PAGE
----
Polly Pecorino, The Girl Who Rescues Animals by Emma Chichester Clark

Polly Pecorino is a young girl with an incredible ability to understand animals. She rescues flies from puddles and bears from kidnappers! We are thrilled to welcome Emma Chichester Clark to our blog with a piece she has written about her latest book.

How have you found writing fiction for the first time, and how much of the book is inspired by your own childhood?

Polly Pecorino is set in a mixture of places that I knew well as a child, as well as some that I’ve never actually been to. I grew up in the countryside in Ireland, in an old farmhouse, down a long potholed lane, in the middle of nowhere. We were surrounded by wildlife as well as our own dogs, bantams and fantail pigeons. All the stories my father told us were about the animals in the woods where we walked. There were great tall beech trees. There were badgers and foxes, and maybe, possibly, even … bears.

I always longed to rescue something and bring it home and look after it – any wild creature – and was always on the prowl, looking out for them. The ones that I found were usually well past saving – a rabbit with myxomatosis, a cat that had eaten rat poison, a crow with its wing smashed by a car. They all died. But there were some successes, and at that time, I really wanted to be a vet. The idea of being able to talk to animals was something I wished for as a child. I think I thought I could do it. I guess many children believe things like that about themselves. I think, as a child, I believed I would be able to talk myself out of a dangerous situation too – that everything would be all right if everyone really understood what was going on and everyone told the truth; then whatever the danger was would be smoothed out, and everything would be fine. Maybe there is a bit of that in Polly. She believes in herself. She believes that she can do good. She isn’t defeated by the overwhelming circumstances she finds herself in. I think children are brave and straightforward. They have the power … and then it gets forgotten.

What I loved about writing fiction for the first time was the bit that happens before you actually sit down and write. It’s the time when you are carrying an idea in your head, and it’s growing, and you walk around in the real world with this secret wonderful thing that you are inventing. That is the most exciting time. It’s ticking away, nudging you, waking you up in the morning and at that point, it has so much potential. There’s also a little fear that you might get tired of it, go off it and it will fade away, but if it doesn’t, then there’s the moment when you have to commit something to paper, or whatever.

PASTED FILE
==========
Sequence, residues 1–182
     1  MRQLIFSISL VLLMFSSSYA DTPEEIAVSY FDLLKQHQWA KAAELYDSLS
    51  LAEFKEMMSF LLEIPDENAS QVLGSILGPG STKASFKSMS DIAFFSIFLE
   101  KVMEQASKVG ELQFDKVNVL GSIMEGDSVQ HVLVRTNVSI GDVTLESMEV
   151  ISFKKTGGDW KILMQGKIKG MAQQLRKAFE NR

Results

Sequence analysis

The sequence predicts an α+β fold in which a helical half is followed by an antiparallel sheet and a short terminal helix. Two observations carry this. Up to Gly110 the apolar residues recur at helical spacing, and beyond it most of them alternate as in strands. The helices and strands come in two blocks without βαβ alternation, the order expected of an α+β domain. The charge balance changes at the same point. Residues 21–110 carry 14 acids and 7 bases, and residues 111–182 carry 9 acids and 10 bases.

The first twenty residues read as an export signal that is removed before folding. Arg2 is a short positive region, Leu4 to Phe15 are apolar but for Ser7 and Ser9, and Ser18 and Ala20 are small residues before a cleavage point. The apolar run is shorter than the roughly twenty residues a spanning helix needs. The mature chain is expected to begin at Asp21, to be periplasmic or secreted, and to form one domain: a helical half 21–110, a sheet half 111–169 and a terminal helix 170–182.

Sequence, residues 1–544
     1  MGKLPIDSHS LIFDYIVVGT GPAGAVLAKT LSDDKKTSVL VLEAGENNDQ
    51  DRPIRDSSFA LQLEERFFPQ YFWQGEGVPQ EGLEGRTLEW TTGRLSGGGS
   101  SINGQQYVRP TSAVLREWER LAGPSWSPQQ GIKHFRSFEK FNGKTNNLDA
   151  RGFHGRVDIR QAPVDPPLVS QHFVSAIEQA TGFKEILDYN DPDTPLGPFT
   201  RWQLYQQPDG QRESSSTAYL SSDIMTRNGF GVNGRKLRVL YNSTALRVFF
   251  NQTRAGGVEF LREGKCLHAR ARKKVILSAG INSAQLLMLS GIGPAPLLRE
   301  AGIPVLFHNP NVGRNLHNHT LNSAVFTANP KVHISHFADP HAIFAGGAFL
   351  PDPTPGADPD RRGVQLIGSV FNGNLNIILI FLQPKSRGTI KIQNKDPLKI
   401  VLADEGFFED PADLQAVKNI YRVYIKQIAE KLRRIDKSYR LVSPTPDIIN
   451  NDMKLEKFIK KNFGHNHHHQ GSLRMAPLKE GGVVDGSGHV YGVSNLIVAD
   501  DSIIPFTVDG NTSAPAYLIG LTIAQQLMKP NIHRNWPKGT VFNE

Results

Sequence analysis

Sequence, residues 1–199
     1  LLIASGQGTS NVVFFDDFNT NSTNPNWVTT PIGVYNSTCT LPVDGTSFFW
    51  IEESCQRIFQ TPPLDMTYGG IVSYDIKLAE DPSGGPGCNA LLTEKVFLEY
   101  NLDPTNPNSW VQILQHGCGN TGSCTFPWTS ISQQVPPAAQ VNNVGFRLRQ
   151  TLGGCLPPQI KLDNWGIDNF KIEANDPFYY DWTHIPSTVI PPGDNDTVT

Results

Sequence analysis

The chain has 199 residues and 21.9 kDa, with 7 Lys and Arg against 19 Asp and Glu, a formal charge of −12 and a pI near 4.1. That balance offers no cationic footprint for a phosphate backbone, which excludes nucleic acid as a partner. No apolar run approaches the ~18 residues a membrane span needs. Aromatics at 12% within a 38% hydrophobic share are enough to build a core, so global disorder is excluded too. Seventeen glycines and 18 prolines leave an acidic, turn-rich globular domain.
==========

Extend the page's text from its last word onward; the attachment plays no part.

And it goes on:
I knew I wasn’t going to have a proper length of time to sit and write the whole thing because I was working on other picture books, so I wrote a chapter plan, 1-30, with a brief synopsis for each one. I knew the beginning, the middle and the end of the story and that made it all seem possible. I planned to write it in between other projects, when I had some spare time. That was back in 2013!

For the first few chapters I went to stay in a friend’s house in Suffolk. There was nobody there, nothing else to do – only my dog to walk – so a routine began, and I was full of hope and expectations. In reality, it was pretty awful. Each sentence I wrote was dreary, plodding, mechanical, like wading through sludge – just not at all how I’d imagined. It was really hard work. I made myself sit and do it anyway. I didn’t allow myself to read through and correct until I’d got to the end of a chapter. If I’d tried to correct every word or sentence, I’d never have finished a page. I hoped if I simply wrote and wrote, it would eventually become more fluent. I think it was hard to get past being self-conscious, but sometimes it happened. I wanted the style to be simple and clear and honest, and to be in my own voice, whatever that was. Sometimes there was too much of it – in fact, in the end there was far too much of it and the editors at Walker Books, having agreed to publish it, spent months and months sorting it out.

It was a wonderful learning experience, especially working with those editors who took such care and spotted a million mistakes, or things that hadn’t been explained properly.

One day, I hope that Polly will have another adventure and do some more rescuing somewhere. I do think about her and miss her sometimes. I’ve got a vague idea about what she might do next. It’s cooking gently on a back burner. I just need to sit down and write a chapter plan.

Polly Pecorino is published by Walker Books and is available now!

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